Since the symptoms can be very unspecific and often cannot be traced back to a tick bite due to the time lag, a joint effusion is punctured for diagnosis to see whether the genetic material of the Borrelia burgdorferi bacterium can be detected.

The joint borreliosis is treated with the antibiotic doxycycline, which has to be taken in tablet form for two to three weeks. Permanent damage is not to be expected with a prompt diagnosis and adequate treatment with antibiotics.


A distinction is made between early and late neuroborreliosis in the case of a Borrelia infection. Early neuroborreliosis often manifests itself within a few weeks to months after the bacteria are transmitted through a tick bite. It often manifests itself in the paralysis of a facial nerve, which leads to a drooping corner of the mouth and decreased eyelid closure.

Late neuroborreliosis manifests itself when the Borrelia infection is overlooked for a long time and the infection can develop slowly over months or years. It is very rare. It describes an inflammatory disease of the central nervous system (brain and spinal cord) and manifests itself, for example, in gait and bladder disorders.

It is treated with antibiotics that are given through the veins during an inpatient stay. In the late stage of neuroborreliosis, the disease often does not heal completely and some symptoms can persist.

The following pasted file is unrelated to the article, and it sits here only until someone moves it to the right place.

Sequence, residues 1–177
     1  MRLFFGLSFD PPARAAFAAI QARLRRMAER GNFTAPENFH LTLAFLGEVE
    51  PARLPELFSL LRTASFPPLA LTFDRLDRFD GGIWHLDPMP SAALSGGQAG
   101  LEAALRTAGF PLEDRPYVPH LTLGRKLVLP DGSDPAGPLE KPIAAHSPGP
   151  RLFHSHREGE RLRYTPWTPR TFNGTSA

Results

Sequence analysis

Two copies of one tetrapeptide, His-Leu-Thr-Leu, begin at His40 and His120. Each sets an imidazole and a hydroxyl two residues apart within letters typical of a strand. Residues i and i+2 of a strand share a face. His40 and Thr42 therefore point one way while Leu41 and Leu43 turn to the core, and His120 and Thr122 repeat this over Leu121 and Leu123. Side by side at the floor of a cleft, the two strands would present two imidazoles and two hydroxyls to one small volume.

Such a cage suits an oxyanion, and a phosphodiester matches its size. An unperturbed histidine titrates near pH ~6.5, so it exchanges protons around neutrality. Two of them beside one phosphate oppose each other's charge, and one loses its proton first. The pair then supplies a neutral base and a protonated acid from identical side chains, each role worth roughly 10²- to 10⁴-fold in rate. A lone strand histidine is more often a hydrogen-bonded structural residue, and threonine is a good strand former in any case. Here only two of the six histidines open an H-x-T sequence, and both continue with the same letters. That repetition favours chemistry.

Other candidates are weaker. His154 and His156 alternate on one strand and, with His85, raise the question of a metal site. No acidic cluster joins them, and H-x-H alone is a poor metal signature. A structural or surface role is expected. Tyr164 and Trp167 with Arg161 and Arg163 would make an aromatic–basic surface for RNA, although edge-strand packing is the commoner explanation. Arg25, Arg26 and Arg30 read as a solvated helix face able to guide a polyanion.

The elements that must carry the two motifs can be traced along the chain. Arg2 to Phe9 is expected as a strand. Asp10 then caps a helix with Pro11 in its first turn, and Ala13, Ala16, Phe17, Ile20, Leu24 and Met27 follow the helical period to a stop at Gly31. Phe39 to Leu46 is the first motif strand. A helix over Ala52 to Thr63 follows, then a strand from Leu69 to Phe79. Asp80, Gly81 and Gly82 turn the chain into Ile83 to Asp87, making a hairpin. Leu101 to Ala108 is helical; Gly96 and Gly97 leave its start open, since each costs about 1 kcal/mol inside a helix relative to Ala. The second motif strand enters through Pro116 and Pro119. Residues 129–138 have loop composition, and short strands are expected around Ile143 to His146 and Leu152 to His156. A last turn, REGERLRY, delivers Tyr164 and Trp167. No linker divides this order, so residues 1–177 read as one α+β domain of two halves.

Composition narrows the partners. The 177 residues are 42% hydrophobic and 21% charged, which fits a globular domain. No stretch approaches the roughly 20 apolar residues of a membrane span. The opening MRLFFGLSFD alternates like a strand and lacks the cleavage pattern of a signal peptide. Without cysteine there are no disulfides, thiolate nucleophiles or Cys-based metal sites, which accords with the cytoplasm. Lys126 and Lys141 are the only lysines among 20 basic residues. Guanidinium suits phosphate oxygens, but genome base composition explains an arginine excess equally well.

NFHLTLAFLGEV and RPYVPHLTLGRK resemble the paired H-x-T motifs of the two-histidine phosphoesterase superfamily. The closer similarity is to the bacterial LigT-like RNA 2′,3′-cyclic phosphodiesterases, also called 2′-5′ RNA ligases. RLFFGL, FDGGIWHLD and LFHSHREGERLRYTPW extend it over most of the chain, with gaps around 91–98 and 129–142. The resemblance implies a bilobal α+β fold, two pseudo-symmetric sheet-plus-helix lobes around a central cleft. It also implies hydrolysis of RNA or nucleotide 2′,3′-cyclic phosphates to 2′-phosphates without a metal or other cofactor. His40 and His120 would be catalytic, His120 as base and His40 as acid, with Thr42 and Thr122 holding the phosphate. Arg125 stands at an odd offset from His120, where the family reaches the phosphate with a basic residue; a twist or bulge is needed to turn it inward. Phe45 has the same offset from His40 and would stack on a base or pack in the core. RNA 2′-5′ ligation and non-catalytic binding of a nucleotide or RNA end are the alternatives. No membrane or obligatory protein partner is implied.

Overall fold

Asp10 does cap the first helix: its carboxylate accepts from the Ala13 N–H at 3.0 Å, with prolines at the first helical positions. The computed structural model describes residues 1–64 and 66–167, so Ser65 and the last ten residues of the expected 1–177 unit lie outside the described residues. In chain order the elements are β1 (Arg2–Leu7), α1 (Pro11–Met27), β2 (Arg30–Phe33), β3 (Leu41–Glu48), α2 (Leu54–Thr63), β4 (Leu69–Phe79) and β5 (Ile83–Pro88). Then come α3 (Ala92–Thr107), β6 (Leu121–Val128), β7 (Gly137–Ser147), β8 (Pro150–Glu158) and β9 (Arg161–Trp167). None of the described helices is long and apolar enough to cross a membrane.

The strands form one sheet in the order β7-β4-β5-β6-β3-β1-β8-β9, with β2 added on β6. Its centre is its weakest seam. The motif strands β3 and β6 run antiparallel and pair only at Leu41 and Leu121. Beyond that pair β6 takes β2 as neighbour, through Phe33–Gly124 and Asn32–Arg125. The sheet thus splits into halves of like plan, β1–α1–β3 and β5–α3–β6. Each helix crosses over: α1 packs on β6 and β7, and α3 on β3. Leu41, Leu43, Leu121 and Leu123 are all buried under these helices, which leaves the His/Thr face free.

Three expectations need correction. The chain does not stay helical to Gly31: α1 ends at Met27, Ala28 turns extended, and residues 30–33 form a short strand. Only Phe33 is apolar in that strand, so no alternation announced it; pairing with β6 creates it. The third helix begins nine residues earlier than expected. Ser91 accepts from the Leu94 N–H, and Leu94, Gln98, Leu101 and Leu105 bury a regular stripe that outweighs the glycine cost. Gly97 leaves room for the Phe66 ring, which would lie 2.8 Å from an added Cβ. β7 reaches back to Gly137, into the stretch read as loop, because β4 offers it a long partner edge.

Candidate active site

Read more on the subject at: Neuroborreliosis - What is it?

What consequences can occur on the skin?

After a tick bite, a rash known as wandering redness may develop after a few days. It describes a reddish discoloration of the skin around the tick bite, which slowly fades from the inside out.

Read more on the subject at: Rash after a tick bite

If an infection with the Borrelia burgdorferi bacterium is not adequately treated or if the infection goes unnoticed, long-term skin consequences can occur.

The disease is called acrodermatitis chronica atrophicans Herxheimer. This is a chronic disease that can lead to pronounced tissue atrophy (skin atrophy). The skin feels like cigarette paper. Often there is extensive inflammation on the trunk and extremities before the tissue shrinkage, which appears bluish-reddish. The extensor sides of the legs are particularly affected.

The disease is treated with the administration of antibiotics. If the tissue has already shrunk, the disease will no longer completely heal.


The disease TBE is known as early summer meningoencephalitis. This is an inflammation of the brain and meninges caused by a viral infection, which can be transmitted by ticks.

Not every tick contains the viruses that cause the TBE disease.Ticks in southern regions are mainly infected. However, the infected ticks are increasingly spreading northwards. Every year around 500 people in Germany develop TBE. The numbers are increasing.

In contrast to Lyme disease, there is a vaccination against TBE. Complete vaccination protection usually exists after three vaccinations, which must be refreshed every three to five years.